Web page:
By Warren Baird-Oracle on Mar 13, 2015
I've been intrigued by 'Augmented Reality' for a while now, but it seems like Microsoft may be on the way to providing a really solid solution for mixing 3D visualizations and the real world. I haven't been able to try one myself yet, but from the reports of people who have, they were able to see well-defined, well-detailed 3D models accurately overlaid on the real-world images in front of them - and tracking well and accurately as you moved your head and body around. This is very different from most of the existing augmented reality systems, and sounds much more compelling than something like Google Glass.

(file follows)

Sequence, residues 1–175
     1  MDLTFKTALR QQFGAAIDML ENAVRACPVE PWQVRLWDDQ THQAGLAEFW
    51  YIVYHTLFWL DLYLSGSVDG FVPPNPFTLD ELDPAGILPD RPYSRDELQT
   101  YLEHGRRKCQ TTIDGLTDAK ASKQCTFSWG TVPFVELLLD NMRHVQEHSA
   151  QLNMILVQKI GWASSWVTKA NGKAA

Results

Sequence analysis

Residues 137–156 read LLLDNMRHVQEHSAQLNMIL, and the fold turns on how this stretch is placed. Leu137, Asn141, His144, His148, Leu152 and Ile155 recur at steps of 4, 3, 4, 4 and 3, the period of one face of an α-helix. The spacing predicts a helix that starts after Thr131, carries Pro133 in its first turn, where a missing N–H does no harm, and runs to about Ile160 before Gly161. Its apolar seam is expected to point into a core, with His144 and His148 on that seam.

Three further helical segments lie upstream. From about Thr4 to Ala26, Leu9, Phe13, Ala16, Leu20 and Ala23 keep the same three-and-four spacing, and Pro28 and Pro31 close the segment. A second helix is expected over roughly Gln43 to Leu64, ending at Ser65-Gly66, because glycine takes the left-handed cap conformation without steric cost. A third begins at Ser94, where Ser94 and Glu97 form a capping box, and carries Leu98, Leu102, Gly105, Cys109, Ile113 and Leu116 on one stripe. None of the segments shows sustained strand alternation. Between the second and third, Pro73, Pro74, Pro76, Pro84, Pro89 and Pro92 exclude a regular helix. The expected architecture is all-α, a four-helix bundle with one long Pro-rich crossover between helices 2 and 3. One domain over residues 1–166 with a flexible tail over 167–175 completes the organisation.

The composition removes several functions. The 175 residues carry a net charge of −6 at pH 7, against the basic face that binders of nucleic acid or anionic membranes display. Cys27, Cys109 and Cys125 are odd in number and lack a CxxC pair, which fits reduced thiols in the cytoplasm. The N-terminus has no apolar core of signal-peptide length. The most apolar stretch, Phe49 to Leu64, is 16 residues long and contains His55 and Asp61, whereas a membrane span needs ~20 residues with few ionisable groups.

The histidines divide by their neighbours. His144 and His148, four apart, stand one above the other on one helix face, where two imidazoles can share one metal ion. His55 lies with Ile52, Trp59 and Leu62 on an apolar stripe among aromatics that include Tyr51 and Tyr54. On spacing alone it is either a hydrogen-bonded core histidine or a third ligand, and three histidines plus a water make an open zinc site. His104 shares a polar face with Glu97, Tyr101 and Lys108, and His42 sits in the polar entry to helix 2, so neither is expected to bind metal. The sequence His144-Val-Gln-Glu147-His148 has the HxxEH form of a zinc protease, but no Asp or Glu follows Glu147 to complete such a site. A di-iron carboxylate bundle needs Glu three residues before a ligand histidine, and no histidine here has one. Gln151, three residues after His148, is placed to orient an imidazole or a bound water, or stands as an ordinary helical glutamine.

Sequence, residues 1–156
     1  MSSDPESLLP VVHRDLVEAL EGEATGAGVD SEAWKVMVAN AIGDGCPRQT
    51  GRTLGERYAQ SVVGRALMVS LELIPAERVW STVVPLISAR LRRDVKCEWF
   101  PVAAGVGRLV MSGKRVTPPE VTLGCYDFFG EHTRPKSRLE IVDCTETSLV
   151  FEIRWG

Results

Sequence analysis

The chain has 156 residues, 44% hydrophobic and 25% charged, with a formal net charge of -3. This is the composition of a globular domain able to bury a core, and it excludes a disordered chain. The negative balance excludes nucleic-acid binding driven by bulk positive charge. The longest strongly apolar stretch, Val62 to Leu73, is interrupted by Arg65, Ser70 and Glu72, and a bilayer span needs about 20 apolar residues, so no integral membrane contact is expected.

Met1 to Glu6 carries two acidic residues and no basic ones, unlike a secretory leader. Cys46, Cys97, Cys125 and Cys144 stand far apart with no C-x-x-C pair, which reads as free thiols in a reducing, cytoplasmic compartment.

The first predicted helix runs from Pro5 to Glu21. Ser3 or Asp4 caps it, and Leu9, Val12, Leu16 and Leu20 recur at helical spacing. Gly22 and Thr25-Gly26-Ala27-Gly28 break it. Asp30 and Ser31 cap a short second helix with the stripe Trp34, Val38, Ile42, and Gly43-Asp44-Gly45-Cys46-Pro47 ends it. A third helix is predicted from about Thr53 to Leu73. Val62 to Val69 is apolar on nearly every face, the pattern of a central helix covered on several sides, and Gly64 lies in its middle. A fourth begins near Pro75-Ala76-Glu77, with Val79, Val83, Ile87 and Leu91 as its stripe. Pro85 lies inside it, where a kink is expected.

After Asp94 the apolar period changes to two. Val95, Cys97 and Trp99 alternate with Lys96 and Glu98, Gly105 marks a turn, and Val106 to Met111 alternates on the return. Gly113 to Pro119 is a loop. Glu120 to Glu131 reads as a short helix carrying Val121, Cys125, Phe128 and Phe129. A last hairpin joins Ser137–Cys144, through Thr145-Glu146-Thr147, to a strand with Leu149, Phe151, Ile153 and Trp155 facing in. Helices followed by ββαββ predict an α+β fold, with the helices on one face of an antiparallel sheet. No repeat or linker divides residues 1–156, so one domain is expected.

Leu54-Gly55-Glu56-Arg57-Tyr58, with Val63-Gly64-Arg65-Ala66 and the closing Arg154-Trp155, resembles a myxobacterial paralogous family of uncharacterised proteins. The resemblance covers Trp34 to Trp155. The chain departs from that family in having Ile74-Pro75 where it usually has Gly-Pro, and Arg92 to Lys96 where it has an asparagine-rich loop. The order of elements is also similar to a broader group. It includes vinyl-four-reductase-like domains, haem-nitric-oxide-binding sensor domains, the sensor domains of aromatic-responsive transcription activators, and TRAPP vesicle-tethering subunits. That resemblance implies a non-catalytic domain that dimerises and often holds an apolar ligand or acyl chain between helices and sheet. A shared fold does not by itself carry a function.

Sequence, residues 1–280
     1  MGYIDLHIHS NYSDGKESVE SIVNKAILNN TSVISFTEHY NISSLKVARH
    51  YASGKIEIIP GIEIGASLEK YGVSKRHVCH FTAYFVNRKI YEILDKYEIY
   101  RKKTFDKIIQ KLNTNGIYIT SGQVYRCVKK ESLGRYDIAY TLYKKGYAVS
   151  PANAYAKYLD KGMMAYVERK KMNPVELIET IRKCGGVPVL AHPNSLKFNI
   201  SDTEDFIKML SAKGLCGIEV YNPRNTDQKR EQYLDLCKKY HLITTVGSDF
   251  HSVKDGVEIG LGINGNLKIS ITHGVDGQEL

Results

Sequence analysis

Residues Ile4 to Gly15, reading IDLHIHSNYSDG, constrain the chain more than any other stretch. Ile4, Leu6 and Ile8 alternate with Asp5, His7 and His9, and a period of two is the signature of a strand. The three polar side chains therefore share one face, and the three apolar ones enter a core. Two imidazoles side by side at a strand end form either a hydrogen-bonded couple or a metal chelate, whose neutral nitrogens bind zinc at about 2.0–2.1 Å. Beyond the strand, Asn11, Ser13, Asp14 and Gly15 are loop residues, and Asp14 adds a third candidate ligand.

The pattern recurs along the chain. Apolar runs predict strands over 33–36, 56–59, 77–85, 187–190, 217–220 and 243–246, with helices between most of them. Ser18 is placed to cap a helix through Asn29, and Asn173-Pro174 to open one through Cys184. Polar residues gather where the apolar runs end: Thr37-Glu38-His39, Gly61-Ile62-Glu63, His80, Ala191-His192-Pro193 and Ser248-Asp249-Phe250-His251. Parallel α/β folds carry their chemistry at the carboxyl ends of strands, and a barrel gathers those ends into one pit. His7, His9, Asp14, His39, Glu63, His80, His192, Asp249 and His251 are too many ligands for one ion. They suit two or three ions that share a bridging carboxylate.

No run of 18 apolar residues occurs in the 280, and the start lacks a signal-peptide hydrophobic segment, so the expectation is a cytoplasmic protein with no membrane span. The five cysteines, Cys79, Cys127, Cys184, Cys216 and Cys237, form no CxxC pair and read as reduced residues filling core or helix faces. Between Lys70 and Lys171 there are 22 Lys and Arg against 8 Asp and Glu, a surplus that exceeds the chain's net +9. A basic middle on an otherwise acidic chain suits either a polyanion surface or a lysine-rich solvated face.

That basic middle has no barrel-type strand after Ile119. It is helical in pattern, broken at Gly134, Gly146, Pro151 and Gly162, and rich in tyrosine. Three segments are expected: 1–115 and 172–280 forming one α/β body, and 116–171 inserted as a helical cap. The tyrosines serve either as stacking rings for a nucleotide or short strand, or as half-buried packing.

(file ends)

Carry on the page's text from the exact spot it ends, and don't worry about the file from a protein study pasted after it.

This could open up some pretty interesting scenarios for enterprise visualization. One of the examples Microsoft uses on their site is actually a product design example, showing a blending of a real product with some 'virtual' parts. I can't think of a better way to review proposed design changes to a product than being able to see those changes overlaid on top of the current model of the product.
The technology also enables hand tracking - so you would be able to interact with the model as well. Perhaps reaching out and tapping on a component and then speaking your comment out-loud would be enough to start a change request process.
Of course, Microsoft hasn't announced a firm release date for this technology, so I think it will be a while before we see this being used in enterprise visualization environments - but it's the first time I've seen something that looks like it could convincingly replace a traditional keyboard/mouse/monitor for some enterprise visualization tasks.